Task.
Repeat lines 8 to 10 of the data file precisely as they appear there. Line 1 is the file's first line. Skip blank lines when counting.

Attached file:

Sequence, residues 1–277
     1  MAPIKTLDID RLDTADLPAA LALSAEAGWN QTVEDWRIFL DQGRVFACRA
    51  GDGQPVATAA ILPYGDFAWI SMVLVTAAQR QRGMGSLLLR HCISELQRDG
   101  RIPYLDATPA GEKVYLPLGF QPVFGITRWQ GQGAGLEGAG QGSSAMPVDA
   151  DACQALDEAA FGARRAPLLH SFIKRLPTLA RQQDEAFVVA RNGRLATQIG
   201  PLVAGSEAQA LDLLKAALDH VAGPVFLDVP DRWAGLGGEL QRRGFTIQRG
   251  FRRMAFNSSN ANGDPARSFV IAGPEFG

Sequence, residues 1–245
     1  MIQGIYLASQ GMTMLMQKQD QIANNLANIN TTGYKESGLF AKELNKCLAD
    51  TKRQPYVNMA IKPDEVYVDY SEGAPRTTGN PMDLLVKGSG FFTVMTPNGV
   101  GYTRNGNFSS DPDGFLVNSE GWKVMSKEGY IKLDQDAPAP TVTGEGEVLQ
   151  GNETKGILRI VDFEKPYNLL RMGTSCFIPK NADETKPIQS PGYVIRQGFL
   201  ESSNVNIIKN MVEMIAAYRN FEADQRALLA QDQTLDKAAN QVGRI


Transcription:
Sequence, residues 1–245
     1  MIQGIYLASQ GMTMLMQKQD QIANNLANIN TTGYKESGLF AKELNKCLAD
    51  TKRQPYVNMA IKPDEVYVDY SEGAPRTTGN PMDLLVKGSG FFTVMTPNGV